More on Milgram’s Methods of Research

In a previous post, I introduced Stanley Milgram’s experiments on obedience and authority. We watched a short video clip in class and students responded to questions about Milgram’s research methods. Upon realizing that the unwitting test subjects were all males, one student wondered whether that would have biased the results in a particular direction. The students hypothesized that women may have been much less likely to defer to authority and continue to inflict increasing doses of pain on the test-takers. While there are good reasons to believe either that women would be more or less deferential than are men, what I wanted to emphasize is the broader point about evidence and theory as it relates to research method and research ethics.

The 'sophisticated' machinery of the Milgram Obedience Experiment

The ‘sophisticated’ machinery of the Milgram Obedience Experiment

In the video clip, Milgram states candidly that his inspiration for his famous experiments was the Nazi regime’s treatment of Europe’s Jews, both before and during World War II. He wanted to understand (explain) why seemingly decent people in their everyday lives could have committed and/or allowed such atrocities to occur. Are we all capable of being perpetrators of, or passive accomplices to, severe brutality towards our fellow human beings?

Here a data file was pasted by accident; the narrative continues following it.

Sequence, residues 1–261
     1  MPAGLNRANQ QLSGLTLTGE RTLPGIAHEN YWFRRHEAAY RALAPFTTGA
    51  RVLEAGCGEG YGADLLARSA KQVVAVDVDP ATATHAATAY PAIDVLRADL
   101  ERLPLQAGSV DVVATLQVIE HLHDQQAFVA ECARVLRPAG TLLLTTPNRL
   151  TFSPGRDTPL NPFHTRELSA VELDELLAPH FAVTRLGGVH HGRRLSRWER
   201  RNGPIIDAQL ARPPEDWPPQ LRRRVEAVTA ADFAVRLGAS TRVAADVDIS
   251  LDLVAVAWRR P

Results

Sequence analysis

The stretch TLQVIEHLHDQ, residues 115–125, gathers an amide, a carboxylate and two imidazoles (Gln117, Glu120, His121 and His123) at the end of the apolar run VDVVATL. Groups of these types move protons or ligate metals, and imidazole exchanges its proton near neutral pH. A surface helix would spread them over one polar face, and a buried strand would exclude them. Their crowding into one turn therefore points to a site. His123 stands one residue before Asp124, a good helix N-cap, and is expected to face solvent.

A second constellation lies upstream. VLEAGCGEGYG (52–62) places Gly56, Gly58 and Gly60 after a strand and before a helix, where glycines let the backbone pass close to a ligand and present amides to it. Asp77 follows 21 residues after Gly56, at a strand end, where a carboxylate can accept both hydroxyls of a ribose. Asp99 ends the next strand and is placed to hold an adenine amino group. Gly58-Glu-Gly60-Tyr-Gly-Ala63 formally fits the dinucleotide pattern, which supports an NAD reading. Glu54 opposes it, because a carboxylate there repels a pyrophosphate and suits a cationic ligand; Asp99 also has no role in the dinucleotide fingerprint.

Milgram’s answer to this question is obviously “yes!” But Milgram’s methods of research, his way of collecting the evidence to test his hypothesis, was biased in favour of confirming his predetermined position on the matter. His choice of lab participants is but one example. This is not good social science, however. The philosopher of science, Carl Hempel, long ago (1966) laid out the correct approach to  producing good (social) science:

  1. Have a clear model (of the phenomenon under study), or process, that one hypothesizes to be at work.
  2. Test out the deductive implications of that model, looking at particularly the implications that seem to be least plausible,
  3. Test these least plausible implications against empirical reality.

If even these least plausible implications turn out to be confirmed by the model, then you have srong evidence to suggest that you’ve got a good model of the phenomenon/phenomena of interest. As the physicist Richard Feynman (1965) once wrote,

…[through our experiments] we are trying to prove ourselves wrong as quickly as possible, because only in that way can we find progress.

Did the manner in which Milgram set up his experiment give him the best chance to “prove himself wrong as quickly as possible” or did he stack the deck in favour of finding evidence that would confirm his hypothesis?